Nature and Revelation Testify of God's Love
Nature and revelation alike testify of God's love. Our Father in heaven is the source of life, of wisdom, and of joy. Look at the wonderful and beautiful things of nature. Think of their marvelous adaptation to the needs and happiness, not only of human beings, but of all living creatures. The sunshine and the rain, that gladden and refresh the earth, the hills and seas and plains, all speak to us of the Creator's love. It is God who supplies the daily needs of all His creatures.
In the beautiful words of the psalmist: “The eyes of all wait upon thee; and thou givest them their meat in due season. Thou openest thine hand, and satisfiest the desire of every living thing” (Psalm 145:15, 16).
God made Adam and Eve perfectly holy and happy; and the fair earth, as it came from the Creator's hand, bore no blight of decay or shadow of the curse. It is transgression of God's law - the law of love - that has brought woe and death.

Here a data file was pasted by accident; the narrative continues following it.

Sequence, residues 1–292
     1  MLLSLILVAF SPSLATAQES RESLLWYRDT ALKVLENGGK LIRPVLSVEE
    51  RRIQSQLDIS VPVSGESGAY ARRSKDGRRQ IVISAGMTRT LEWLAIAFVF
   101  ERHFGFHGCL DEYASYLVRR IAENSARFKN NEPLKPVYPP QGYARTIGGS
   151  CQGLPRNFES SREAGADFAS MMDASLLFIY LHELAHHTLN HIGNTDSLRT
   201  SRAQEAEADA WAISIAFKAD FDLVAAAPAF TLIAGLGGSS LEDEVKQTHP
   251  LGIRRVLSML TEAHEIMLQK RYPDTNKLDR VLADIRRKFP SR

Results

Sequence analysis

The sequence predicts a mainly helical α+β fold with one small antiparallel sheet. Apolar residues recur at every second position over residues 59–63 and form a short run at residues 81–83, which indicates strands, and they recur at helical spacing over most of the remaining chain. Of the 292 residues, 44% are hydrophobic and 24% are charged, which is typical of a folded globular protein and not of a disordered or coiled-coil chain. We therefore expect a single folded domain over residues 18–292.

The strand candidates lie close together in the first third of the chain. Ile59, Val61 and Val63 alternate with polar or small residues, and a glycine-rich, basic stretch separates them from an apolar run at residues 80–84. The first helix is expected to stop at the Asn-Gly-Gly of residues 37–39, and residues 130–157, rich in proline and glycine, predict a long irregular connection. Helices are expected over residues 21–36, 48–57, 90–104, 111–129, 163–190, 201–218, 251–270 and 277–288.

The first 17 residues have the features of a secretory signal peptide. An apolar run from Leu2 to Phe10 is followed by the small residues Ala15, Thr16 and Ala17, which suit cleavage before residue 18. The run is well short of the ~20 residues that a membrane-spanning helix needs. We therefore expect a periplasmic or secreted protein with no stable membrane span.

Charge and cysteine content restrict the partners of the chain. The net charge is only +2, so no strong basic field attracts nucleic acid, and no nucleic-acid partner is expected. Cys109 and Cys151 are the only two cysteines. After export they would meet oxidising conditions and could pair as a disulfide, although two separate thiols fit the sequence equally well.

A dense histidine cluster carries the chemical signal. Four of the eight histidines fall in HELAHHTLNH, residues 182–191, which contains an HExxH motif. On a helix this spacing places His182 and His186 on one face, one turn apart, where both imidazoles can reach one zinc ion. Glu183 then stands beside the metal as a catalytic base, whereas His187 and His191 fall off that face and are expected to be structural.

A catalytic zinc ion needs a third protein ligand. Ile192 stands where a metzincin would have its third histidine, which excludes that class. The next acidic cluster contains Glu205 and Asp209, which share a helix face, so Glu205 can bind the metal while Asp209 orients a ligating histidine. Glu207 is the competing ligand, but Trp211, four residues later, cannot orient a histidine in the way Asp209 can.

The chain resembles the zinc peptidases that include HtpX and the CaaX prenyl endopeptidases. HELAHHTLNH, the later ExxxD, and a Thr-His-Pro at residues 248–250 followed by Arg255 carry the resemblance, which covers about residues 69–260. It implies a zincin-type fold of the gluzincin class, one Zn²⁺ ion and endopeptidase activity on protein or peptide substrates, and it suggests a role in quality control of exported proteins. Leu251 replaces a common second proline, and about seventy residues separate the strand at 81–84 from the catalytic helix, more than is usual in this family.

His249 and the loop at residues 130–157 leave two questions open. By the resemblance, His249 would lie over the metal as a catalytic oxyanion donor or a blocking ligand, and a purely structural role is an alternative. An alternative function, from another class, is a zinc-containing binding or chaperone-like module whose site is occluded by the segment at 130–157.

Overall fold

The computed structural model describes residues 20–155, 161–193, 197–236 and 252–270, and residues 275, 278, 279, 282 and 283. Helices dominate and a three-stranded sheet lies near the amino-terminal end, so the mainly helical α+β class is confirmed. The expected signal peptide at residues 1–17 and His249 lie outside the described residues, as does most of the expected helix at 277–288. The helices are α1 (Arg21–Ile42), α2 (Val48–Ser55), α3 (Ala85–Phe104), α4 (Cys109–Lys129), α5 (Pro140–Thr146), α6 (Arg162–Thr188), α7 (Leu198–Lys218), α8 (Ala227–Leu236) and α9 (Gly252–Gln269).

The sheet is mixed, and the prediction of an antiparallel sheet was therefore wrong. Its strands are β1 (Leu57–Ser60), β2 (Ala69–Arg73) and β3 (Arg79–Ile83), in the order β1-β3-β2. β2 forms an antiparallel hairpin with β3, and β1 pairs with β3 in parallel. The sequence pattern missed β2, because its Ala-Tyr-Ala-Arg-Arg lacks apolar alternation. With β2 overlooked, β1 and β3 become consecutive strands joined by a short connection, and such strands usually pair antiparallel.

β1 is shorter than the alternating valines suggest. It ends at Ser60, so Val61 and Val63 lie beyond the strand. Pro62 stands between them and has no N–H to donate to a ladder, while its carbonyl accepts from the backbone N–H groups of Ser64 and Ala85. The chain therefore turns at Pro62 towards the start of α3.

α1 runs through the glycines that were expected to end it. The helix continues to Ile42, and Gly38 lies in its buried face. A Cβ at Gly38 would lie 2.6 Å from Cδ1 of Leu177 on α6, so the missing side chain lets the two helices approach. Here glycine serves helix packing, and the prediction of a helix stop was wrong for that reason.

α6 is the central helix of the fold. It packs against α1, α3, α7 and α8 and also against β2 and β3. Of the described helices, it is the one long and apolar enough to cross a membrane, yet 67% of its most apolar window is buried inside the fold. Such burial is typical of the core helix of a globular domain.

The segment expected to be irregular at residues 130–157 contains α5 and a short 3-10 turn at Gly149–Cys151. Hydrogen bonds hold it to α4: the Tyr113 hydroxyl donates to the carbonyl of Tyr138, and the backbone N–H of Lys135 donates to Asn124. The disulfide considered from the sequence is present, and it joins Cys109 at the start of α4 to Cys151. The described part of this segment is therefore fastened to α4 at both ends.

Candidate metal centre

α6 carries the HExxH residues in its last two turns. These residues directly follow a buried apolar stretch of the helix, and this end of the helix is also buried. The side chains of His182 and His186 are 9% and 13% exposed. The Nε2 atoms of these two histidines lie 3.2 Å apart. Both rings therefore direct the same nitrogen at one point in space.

Yet even amid the suffering that results from sin, God's love is revealed. It is written that God cursed the ground for man's sake (Genesis 3:17). The thorn and the thistle - the difficulties and trials that make life one of toil and care - were appointed for our good as a part of the training needful in God's plan for our uplifting from the ruin and degradation that sin has wrought.
The world, though fallen, is not all sorrow and misery. In nature itself are messages of hope and comfort. There are flowers upon the thistles, and the thorns are covered with roses.
“God is love” is written upon every opening bud, upon every spire of springing grass. The lovely birds making the air vocal with their happy songs, the delicately tinted flowers in their perfection perfuming the air, the lofty trees of the forest with their rich foliage of living green - all testify to the tender, fatherly care of our God and to His desire to make His children happy. - Steps to Christ, 9, 10.
By beholding the matchless love of Christ, the selfish heart will be melted and subdued. - COL 394